Remembering Norman Wain

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We are saddened to share the loss of Norman Wain z"l, Federation Board of Trustee Emeritus and past Campaign Chair. Norman was a beloved leader who devoted himself to community and family.

Our thoughts are with the entire Wain family during this difficult time. May Norman's memory be for a blessing.

Norman Wain, radio legend, has died at 92

Please read the Cleveland Jewish News article, reprinted with permission. Text provided below:

by Bob Jacob | Managing Editor

Norman Wain, a radio pioneer in Cleveland broadcast history, died Oct. 10. He was 92.

A past chair of the Cleveland Jewish Publication Company Board of Directors, the Brooklyn, N.Y., native, was part of a group that created Westchester Corp.

Wain, who was a disc jockey and an account executive, joined Bob Weiss and Joe Zingale to purchase WFAS radio in White Plains, N.Y. in Westchester County, and they took control in December 1964.

In November 1965, they assumed control of WDOK-AM and FM in Cleveland when AM radio was on its way out. They proceeded to change the course of Cleveland radio as WIXY became the No. 1-rated station. Wain, who was known as “Big Chief Norman Wain, served as an announcer at WDOK and was a disc jockey at downtown social clubs.

“We took the AM (station) and changed that to WIXY, rhyming it with the dial position, WIXY 1260,” Wain said in 2016 at an event, “Cleveland Radio Superstars,” co-sponsored by the Cleveland Jewish News.

“At the time there were two other rock and roll radio stations in town, WHK and WKYC, so there were three stations playing the exact same format of music.”

Wain’s group decided it needed to do something different to stand out, so it went on “an all-out promotional kick,” he said.

“We had new promotions almost daily, and it was those promotions that really put WIXY on the map,” Wain said. “That really was the key to WIXY’s success.”

Those promotions included Appreciation Day concerts, Thanksgiving Day parades and bringing the hottest bands to town, including the Beatles, The Monkees, The Rolling Stones, and The Supremes.

Pop culture historian Mike Olszewski told the CJN in 2016 WIXY conducted wild promotions, including a mini-skirt competition that might not be viewed so favorably today. Under Wain’s direction and through the use of a wild assortment of promotions, the station morphed from a “tiny little station with a tiny little signal” to a dynamic leader, Olszewski said.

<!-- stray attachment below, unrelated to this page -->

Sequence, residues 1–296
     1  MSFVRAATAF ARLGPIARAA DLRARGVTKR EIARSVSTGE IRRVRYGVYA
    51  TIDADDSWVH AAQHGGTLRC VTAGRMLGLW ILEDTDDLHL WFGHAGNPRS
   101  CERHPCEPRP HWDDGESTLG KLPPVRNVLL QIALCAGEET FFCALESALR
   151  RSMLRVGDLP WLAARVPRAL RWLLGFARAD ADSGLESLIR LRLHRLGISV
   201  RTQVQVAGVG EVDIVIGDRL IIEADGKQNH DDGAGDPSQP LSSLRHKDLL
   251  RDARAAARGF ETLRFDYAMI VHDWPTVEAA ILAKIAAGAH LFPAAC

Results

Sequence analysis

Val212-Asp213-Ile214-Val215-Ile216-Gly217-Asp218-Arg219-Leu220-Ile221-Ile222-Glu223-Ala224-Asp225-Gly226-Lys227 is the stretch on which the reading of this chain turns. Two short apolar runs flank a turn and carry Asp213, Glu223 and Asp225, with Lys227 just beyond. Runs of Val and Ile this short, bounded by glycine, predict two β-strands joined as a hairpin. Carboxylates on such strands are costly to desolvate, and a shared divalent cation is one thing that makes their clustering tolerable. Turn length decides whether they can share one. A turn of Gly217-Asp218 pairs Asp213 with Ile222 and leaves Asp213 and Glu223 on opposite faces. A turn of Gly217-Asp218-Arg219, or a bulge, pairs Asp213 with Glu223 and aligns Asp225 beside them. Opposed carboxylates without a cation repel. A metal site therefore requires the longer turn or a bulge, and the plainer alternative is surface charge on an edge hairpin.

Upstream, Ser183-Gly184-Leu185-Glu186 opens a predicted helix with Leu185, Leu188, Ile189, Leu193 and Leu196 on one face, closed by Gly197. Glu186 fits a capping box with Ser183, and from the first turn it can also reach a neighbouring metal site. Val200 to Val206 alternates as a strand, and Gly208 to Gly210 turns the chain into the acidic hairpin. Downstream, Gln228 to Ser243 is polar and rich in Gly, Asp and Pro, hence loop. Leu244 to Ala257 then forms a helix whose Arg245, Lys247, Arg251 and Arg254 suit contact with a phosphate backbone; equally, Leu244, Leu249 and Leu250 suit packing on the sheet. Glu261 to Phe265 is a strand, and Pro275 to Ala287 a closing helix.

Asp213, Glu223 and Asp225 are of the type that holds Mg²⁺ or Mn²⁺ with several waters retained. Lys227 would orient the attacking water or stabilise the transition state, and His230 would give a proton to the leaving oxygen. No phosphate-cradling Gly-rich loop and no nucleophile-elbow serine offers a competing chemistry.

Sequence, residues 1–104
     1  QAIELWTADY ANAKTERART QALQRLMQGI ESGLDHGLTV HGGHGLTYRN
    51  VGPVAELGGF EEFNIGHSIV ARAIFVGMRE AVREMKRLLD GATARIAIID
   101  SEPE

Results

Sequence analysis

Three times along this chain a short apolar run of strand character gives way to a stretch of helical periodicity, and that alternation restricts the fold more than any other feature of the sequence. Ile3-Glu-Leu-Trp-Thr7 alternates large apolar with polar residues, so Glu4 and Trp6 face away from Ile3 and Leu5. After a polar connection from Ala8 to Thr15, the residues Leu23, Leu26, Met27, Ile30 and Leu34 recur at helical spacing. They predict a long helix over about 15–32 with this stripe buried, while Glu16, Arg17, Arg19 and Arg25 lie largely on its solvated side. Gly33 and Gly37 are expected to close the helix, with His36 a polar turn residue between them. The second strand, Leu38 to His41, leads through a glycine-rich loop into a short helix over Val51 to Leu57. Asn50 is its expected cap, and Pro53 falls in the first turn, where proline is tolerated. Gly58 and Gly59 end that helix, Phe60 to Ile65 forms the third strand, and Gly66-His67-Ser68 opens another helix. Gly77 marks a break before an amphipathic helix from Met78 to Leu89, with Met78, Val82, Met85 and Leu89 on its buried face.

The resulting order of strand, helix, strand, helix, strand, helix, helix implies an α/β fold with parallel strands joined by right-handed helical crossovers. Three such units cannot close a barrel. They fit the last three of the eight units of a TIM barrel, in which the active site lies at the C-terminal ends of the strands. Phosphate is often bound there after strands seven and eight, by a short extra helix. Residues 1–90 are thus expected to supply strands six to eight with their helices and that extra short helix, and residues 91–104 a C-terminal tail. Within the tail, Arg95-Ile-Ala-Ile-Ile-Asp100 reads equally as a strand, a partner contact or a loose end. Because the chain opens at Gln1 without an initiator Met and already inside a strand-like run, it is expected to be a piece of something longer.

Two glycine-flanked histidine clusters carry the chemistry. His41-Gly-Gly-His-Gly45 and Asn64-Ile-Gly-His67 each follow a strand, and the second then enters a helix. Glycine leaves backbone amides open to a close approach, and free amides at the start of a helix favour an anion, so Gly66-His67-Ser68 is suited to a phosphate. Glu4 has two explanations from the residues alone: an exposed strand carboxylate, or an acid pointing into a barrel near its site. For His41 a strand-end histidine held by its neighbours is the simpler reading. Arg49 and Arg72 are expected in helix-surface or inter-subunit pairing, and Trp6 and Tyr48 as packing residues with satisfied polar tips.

Larry Morrow was hired from CKLW radio in Windsor, Canada, and quickly became one of WIXY’s most popular disc jockeys from 1966 until the station was sold in 1972.

Wain, a member of Park Synagogue in Cleveland Heights and Pepper Pike, was also philanthropic, creating the Nina and Norman Wain Family Foundation with his late wife. He remarried Barbara Rosenthal, and in 2017 they funded the Wain Pavilion at Park Synagogue East in Pepper Pike.

He told the CJN in 2010 he credits his family’s philanthropic efforts to his wife’s caring nature and lessons he learned from his father. When he was growing up in Brooklyn, his father and a group of men who came from the town of Kiblutch in the Ukraine met once a month to “literally pass the hat for fellow Kiblutchers in need,” Wain said. “Their generosity during those tough times made a big impression on me as a kid.”

Wain’s parents, Pearl and Benjamin Weinstock, operated a small grocery store, which they lived above with their children, Charlotte, Norman and the late Harris.

Wain was given the nickname, “Mr. Superlative,” because every day was the “best day ever,” every meal was the best he ever tasted, every visit with his family was the best one yet.

He served on committees and boards of the Jewish Federation of Cleveland, Hebrew Free Loan Association, Greater Cleveland Food Bank and others. He built a radio station at Hebrew University in Israel and was a supporter of the Israel Tennis Centers.

His iconic voice made him a favorite emcee for charity events, including the CJN’ 50th anniversary in 2014.

He also acted in community theater and played tennis, golfed and bicycled into his 80s.

Wain enjoyed Shabbat dinners with his children, visits to his grandchildren and large family gatherings.

Wain attended Midwood High School in Brooklyn and earned a degree in speech from Brooklyn College in New York. He served in the U.S. Army.

Wain and Nina, whom he was married to for 53 years until she died in 2009, created the Nina and Norman Wain Advertising Internship at the CJPC.

Wain is survived by his wife, Barbara; and children: Beth (Bob) Brandon, Amy Wain Garnitz, Cathy (Jonathan) Stamler and David Wain; nine grandchildren; nieces and nephews; and his sister, Charlotte Cove.

Private graveside services for immediate family.

Donations may be made to Bellefaire JCB at bellefairejcb.org

This is a developing story.

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